### PROBLEM LINK:

**Author:** Sergey Kulik

**Tester:** Misha Chorniy

**Editorialist:** Pawel Kacprzak

### DIFFICULTY:

MEDIUM

### PREREQUISITES:

Divide and conquer

### PROBLEM:

Given an unknown permutation A of numbers from 1 to N, ask queries of form:

\texttt{divisible}(x, y, d) := \texttt{true} if and only if |A_x - A_y| is divisible by d

\texttt{less(x, y)} := \texttt{true} if and only if A_x - A_y

and find out what the permutation is exactly. The hard part of the problem is the fact that you can ask at most 13 \cdot N \texttt{divisible} queries and at most N-1 \texttt{less} queries.

### QUICK EXPLANATION:

Use divide and conquer and recursion to solve the problem. While there are more than 2 elements in the instance of a problem, partition them into two almost equal sets using \texttt{divisible} query. Solve the problem for both partitions recursively and merge these sub-results using the less query.

### EXPLANATION:

In subtasks 1, 2 and 3 the constrains are low enough to allow multiple different approaches. In particular they allow more calls to the \texttt{divisible} query. The general idea behind some of them is also covered in the explanation of the intended solution, so we recommend to read the below detailed explanation of this method.

In the last subtask, the permutation is quite large - it has up to 10^4 elements. We are going to solve the problem recursively using divide and conquer approach. Notice that when the instance of the problem is very small, i.e. N \leq 2, the problem is very easy to solve. In particular, when N=1 there is nothing to do, because the partition is already known, and if N = 2 then, one \texttt{less} query is enough to determine the permutation. So the question is what to do when N > 2? Well, we can use \texttt{divisible} query then. The idea is that we want to partition the initial indices of the permutation into two almost equal in size groups, solve the problem recursively for the partitions and finally somehow combine these result into the final result.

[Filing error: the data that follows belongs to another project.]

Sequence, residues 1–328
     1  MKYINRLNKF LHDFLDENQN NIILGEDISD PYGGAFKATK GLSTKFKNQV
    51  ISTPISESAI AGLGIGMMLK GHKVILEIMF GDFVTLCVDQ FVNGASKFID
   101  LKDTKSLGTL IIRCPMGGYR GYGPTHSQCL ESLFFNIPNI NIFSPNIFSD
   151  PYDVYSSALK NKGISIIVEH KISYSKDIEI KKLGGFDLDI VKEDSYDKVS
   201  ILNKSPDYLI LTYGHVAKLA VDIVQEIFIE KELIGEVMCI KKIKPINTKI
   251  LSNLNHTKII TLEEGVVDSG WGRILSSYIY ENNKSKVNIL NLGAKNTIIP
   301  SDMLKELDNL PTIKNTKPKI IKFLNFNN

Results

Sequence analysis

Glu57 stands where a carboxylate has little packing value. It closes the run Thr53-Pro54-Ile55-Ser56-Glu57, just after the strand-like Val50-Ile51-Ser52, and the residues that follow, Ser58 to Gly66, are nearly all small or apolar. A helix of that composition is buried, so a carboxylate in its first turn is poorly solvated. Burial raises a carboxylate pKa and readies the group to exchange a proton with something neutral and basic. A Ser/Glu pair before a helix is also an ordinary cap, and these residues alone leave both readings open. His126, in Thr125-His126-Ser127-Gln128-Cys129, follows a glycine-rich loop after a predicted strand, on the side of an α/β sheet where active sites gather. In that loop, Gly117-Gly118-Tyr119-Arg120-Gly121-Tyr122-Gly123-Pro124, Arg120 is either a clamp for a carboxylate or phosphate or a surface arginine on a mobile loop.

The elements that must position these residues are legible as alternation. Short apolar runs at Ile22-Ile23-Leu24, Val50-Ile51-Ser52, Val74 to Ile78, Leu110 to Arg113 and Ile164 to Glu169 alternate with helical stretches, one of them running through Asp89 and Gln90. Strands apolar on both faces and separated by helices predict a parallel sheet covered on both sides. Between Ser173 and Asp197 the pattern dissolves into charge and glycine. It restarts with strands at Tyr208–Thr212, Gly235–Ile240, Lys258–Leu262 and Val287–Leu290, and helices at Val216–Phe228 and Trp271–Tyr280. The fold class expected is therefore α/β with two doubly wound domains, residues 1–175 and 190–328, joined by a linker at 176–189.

Let solve(indices, divisor) be a recursive function finding out the absolute order of elements of the permutation with indices belonging to \texttt{indices} array and using divisor as the value for d in \texttt{divisible} query to partition the elements. Moreover, the solve function will return the index of the smallest number in the permutation with index in indices - we will be using this element to merge two subproblems solved recursively. The final answer to the problem will be the partition returned by calling solve([1,2,\ldots,N], 2). If there are no more than 2 indices we know what to do, otherwise we are going to partition indices into two groups P_1 and P_2 as follows:

- the first element of the indices array, i.e. indices_1 goes into P_1
- the i-th element of the indices array, i.e. indices_i goes into P_1 if and only if the result of divisible(indices_1, indices_i, d) is \texttt{true}, otherwise it goes into P_2. In other words it goes to P_1 if and only if |A_{indices_1} - A_{indices_i}| is divisible by d.

The above method partition the indices into two almost equal in size sets. For example, let’s assume that the initial permutation is 5,3,2,4,1 and we are solving the problem for all the indices 1,2, \ldots, 5. Then the partition will assign indices as follows:

P_1 = \{1, 2, 5\}

P_2 = \{3, 4\}

The index 1 is in P_1 because it is the first element of \texttt{indices}. The indices 2 and 5 are also in P_1 because the results of \texttt{divisible(1, 2, 2)} and \texttt{divisible(1, 5, 2)} are true (for example |5-3| is divisible by 2). Other elements are in P_2 because the result of \texttt{divisible} query for them is \texttt{false}.

After the partition, we are going to solve the problems corresponding to the indices in P_1 and P_2 separately with divisor multiplied by two, so we will call two functions:

- solve(P_1, 2 \cdot divisor)
- solve(P_2, 2 \cdot divisor)

We multiply the divisor by 2 to allow the partitions performed during these subcalls to be done in the same way. By the definition, these functions returns the absolute orders of the elements in the permutation with indices in P_1 and with indices in P_2. The only thing left to do is to merge these two orders into the final order. Let s_1 be the index of the smallest element in the permutation among elements with indices in P_1. Similarly, let s_2 be the index of the smallest element in the permutation among elements with indices in P_2. These elements are also returned from recursive calls. We are going to use them to merge sub-results into the final result. Notice that if s_1 < s_2, then the smallest element, i.e. the element with value 1 is among the element with indices in P_1. Moreover, the 3 rd smallest, 5 th smallest, … elements among all elements with indices in \texttt{indices} have also indices in P_1 and all other elements have indices in P_2. In the other case, if s_2 < s_1 the situation is opposite and the elements with ranks 1, 3, 5, \ldots have indices in P_2 and all other elements have indices in P_1. Thus calling a query less(s_1, s_2) allows us to determine how to merge the absolute orders of element with indices in P_1 and P_2 into one absolute order of elements with indices in P_1 \bigcup P_2.

Notice that this method calls \texttt{divisible} query at most 13 \cdot N times because it calls it no more than N times on each level of recursion tree besides two deeper ones and the recursion tree has depth non greater than \log N = 14. Also, this methods calls \texttt{less} query at most N-1 times, from the same reason.

### AUTHOR’S AND TESTER’S SOLUTIONS:

Setter’s solution can be found here.

Tester’s solution can be found here.

Editorialist’s solution can be found here.